As much as we do not like to talk about cancer in any form, we should know the basics to be able to recognize possible symptoms, which in turn may help prevent the cancer from reaching an advanced stage where treatment is difficult or too late.

Today’s article will provide a general overview on stomach cancer which is sometimes call gastric cancer, it’s causes and symptoms, risk factors, stages, and touch briefly on some treatment options.

Stomach cancer begins in the mucus producing cells lining the stomach, with the most common type called Adenocarcinoma, which constitutes about 90 – 95% of stomach cancers.

The other types of stomach cancers are Lymphomas (1-5%), Gastrointestinal Stromal Tumors (2%), Carcinoids (1%), Adenoacanthomas (1%) and Squamous Cell Carcinomas (1%).

Stomach cancer doesn’t typically show symptoms in the early stages, making it very difficult to diagnose early. It is often detected and diagnosed after it spreads to other parts of the body, making treatment more difficult. Therefore, it is very important that people have some knowledge of its possible symptoms.

Causes and symptoms of stomach cancer

The stomach is only one part of the upper section of the digestive tract, and it takes care of digesting food, after which the nutrients are moved along to the small and large intestines.

As with all cancers, stomach cancer happens when healthy cells in the upper digestive system rapidly mutate out of control and accumulate to form a tumor that grows. Stomach cancer has a slow formation process which normally allows it to reach an advanced stage in a few years before it is detected.

The most common symptoms of advanced stomach cancer include:

  • bloatedness
  • constantly fatigued
  • frequent heartburn
  • feeling full after eating a small amount of food (early satiety), often accompanied by stomach pain
  • loss of appetite which in turn causes sudden weight loss
  • nausea & vomiting
  • jaundice
  • blood in stools

Risk factors

Stomach cancer has been found to be prevalent in older adults; more so in men than women. Demographically, research has also shown stomach cancer occurs more in Japanese, Korean and South American people.

Certain factors that may increase your risk of developing stomach cancer will include:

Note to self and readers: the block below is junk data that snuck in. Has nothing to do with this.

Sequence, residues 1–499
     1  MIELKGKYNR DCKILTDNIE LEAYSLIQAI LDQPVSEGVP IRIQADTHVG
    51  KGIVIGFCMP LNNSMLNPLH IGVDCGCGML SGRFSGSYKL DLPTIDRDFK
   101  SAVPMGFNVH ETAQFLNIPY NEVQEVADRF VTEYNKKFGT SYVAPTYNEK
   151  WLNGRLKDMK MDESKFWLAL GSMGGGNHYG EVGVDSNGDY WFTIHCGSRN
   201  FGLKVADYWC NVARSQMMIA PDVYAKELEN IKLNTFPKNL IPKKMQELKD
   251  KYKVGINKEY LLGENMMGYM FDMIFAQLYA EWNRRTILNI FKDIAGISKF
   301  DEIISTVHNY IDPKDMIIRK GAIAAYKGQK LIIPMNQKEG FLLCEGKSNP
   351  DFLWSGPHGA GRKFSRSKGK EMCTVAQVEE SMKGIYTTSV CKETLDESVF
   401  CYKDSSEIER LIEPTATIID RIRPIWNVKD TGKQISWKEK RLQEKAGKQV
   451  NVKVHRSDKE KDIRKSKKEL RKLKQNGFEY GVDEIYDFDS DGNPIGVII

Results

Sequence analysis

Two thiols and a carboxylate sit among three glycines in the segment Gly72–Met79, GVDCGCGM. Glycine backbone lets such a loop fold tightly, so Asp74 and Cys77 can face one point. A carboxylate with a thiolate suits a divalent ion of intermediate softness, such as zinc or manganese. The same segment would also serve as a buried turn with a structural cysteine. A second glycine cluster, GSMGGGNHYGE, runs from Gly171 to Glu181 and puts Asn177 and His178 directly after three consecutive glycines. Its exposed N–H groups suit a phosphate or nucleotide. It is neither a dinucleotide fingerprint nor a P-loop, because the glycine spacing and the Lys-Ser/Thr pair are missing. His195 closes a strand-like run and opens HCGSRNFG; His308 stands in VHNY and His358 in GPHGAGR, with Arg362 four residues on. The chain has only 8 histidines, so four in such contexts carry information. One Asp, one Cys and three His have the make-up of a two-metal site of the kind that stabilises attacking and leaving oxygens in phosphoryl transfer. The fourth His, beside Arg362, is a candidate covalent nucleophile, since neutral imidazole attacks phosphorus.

• family history
  • alcohol
  • smoking
  • previous stomach surgery to treat ulcers
  • Pernicious Anemia – a vitamin B12 anemia
  • Adenomatous – stomach polyps, i.e., abnormal growths of tissue on the stomach lining
  • bacterial infection or MALT lymphoma caused by Helicobacter Pylori
  • Menetrier disease – a rare disease that causes changes in the stomach lining
  • diet – processed fish and meats, foods high in salt, and pickled vegetables
  • obesity / overweight
  • work environments – there is a higher risk for workers in the metal, rubber and coal industries

Various stages of stomach cancer

Stage I: the tumor is located on the top layer of the lining of the esophagus or stomach. It may have spread to some lymph nodes close by.

Stage II: the tumor has spread into the deeper layer of muscle in the esophagus or stomach wall, and to more of the lymph nodes.

Stage III: the tumor has penetrated through all the layers of the esophagus and stomach and gone on to attack nearby parts or lymph nodes.

Stage IV: the cancer has advanced and managed to spread out to distant areas of the body.

Treatment options for stomach cancer

After diagnosis, your oncologist will suggest treatment options that will depend on your age, overall health, stage and origin of the stomach cancer.

Traditional treatments consist of:

  • chemotherapy
  • radiation therapy
  • surgery
  • targeted drugs

Immunotherapy is a fairly new form of treatment where the patient is treated with medication to make the patient’s own immune system respond to cancer cells as they would to foreign invaders e.g., viruses or bacterial infections.

Left untreated, stomach cancer will advance to other parts of the body such as the bones, lungs, lymph nodes or liver.

If your cancer is diagnosed to be in an advanced stage, you may want to consider a long shot by asking your doctor if you can participate in clinical trials.

Chances for recovery from cancer or any disease for that matter, are better if it is diagnosed as early as possible. Cancer cannot be prevented, but the risks can be lowered.

The best options to lower your risk of getting not just stomach cancer, but all cancers, would be to follow a healthy lifestyle. If you have not done so already, simple changes have to be made in the following areas:

  • weight control – this can be done with a good exercise routine.
  • diet – eat a well-balanced and low-fat diet. Don’t deprive yourself, but instead limit treats for special occasions.
  • quit alcohol and smoking.

We hope this article has provided our readers some useful general knowledge on stomach cancer. Please contact your doctor or oncologist for more detailed advice, as all information provided in our article should in no way be taken as medical advice.

By Aaron
19th August 19:50 2020

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